Space Products & Innovation
Homeland Security, Defense, and Intelligence
Satellite-based ship monitoring is expected to develop as a large new business in 2012, providing global coastal authorities with information about ships farther out at sea, beyond the reach of coastal radar systems.
The national defense needs of many countries help to drive demand for satellite capacity. Armed forces and international peacekeeping organizations from across the globe lease capacity from various commercial satellite operators or acquire Earth imagery services from commercial companies. Military forces are also building more of their own dedicated satellites due to increased capacity demands and the need for secure connectivity for deployed troops.
Military users of a mobile satellite communications system are benefiting from an efficient, fault-tolerant communications coding method used in ESA’s Rosetta mission. In July 2010, while on a journey to rendezvous with a comet in 2014, the Rosetta spacecraft visited the asteroid Lutetia.
Another security application of space technology is the Automatic Identification System (AIS), which tracks ships at sea. This system, which employs satellite communication links, reports vessel identification, position, course, and speed.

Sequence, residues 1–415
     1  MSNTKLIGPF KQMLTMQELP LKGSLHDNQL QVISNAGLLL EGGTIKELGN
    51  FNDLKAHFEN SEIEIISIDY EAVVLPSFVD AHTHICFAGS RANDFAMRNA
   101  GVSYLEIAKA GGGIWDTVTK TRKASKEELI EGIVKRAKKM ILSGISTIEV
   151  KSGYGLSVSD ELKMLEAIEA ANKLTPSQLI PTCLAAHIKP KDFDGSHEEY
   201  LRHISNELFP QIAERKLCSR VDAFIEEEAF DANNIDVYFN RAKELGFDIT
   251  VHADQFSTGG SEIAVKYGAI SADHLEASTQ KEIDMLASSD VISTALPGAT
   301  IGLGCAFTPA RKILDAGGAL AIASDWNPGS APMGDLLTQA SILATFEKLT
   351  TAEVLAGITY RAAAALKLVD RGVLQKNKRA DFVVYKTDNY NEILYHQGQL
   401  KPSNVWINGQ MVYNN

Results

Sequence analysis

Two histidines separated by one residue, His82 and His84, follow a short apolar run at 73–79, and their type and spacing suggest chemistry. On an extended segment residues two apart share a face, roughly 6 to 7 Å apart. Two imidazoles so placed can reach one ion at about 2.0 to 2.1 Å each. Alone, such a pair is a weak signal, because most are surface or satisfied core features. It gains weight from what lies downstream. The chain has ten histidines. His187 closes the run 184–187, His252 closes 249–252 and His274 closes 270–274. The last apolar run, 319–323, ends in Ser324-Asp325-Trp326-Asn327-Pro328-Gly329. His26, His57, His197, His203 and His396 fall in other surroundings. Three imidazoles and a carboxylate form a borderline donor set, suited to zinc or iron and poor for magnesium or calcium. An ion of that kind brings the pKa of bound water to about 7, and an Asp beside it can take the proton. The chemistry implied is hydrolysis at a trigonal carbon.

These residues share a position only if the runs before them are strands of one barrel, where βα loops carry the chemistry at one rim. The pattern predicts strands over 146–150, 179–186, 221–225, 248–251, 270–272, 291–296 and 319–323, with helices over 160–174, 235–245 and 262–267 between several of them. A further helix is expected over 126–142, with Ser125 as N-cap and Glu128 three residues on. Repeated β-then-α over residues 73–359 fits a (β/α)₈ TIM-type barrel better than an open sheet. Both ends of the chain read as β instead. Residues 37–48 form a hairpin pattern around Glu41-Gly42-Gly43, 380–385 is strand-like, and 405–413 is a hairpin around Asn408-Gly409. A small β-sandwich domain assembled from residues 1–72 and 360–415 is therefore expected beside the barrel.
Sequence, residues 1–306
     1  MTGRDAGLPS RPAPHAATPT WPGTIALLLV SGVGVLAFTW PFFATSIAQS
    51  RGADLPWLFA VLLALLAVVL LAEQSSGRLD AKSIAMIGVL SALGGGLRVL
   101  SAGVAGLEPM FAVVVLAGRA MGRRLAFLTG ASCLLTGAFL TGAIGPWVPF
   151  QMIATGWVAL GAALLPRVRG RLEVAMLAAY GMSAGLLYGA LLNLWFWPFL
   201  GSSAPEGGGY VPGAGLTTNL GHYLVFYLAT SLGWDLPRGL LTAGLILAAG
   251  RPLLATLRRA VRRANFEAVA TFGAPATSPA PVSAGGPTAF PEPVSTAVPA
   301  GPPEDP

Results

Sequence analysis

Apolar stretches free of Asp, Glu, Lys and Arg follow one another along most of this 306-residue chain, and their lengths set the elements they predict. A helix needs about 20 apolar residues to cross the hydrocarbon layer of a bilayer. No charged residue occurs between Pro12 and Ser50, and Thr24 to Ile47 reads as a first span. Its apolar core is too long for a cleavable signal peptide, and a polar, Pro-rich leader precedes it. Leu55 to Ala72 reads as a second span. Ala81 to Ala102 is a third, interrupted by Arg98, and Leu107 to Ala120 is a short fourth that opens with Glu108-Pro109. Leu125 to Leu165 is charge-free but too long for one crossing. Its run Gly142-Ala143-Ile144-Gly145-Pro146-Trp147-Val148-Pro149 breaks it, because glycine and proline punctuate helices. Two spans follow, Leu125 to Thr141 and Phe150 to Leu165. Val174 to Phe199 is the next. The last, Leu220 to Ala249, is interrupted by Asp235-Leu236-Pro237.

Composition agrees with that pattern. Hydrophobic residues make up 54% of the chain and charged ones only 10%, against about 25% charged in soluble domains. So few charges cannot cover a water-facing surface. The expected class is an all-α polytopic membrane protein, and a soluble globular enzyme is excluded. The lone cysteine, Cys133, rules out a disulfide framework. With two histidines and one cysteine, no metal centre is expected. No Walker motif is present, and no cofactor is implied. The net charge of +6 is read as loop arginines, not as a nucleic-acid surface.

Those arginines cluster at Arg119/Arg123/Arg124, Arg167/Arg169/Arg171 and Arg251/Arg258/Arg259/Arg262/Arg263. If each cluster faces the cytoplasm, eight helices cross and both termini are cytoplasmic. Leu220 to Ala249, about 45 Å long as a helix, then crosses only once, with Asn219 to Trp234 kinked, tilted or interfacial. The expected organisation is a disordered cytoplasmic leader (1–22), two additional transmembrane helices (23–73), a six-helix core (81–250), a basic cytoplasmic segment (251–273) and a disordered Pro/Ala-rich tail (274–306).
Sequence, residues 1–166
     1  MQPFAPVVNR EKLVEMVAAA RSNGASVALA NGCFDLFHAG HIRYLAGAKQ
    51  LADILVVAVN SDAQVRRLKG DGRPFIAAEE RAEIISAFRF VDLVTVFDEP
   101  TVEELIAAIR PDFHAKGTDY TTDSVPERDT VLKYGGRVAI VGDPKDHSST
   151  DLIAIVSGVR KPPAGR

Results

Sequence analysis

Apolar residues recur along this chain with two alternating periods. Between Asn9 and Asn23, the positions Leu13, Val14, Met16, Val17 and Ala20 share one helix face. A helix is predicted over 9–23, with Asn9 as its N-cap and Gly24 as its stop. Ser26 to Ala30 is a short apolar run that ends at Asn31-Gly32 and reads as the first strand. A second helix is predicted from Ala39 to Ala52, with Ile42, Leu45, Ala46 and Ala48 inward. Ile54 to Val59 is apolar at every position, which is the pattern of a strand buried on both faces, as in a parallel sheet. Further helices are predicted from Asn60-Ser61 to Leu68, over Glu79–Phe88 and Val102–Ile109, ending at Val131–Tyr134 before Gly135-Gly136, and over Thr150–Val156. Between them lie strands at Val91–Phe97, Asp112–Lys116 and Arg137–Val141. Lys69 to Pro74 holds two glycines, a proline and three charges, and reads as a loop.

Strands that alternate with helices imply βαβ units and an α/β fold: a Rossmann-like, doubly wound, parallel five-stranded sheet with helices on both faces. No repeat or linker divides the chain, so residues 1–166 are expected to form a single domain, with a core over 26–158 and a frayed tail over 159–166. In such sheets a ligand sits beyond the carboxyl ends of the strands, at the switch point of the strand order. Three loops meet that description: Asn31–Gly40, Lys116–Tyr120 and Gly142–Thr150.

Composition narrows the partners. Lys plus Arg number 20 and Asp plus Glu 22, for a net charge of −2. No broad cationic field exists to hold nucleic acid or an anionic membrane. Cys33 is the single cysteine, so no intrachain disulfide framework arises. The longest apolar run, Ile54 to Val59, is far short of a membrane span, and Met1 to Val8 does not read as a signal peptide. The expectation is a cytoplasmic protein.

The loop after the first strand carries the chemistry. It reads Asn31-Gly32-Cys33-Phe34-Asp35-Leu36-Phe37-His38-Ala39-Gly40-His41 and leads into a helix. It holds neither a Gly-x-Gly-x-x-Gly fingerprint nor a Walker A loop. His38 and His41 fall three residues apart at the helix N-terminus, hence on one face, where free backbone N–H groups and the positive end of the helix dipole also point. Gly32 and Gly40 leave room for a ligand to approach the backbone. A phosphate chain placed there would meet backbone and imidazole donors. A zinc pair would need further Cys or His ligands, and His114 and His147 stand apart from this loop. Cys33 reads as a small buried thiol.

The U.N. is also using GIS to help resolve disputes over the location of international boundaries. The U.N. Cartographic Section is developing the U.N. International Boundary Information System (UNIBIS), a worldwide geographic database of international boundaries.
As of the end of 2010, 13 U.N. peacekeeping missions around the world use systems that integrate location information with satellite imagery, referred to as geographic information systems (GIS), as part of daily operations.
Satellite communications and GPS have fostered the proliferation and rapid enhancement of one increasingly vital military technology, the unmanned aerial vehicle (UAV). Satellites relay communications from the UAV back to its home base, which can be located on the other side of the planet.
Tactical communications supported by satellites are becoming increasingly important to mobile military units during operations. In June 2009, the U.S. Naval Surface Warfare Center awarded Iridium a contract to develop a next-generation communications system for a joint U.S. military network technologies program.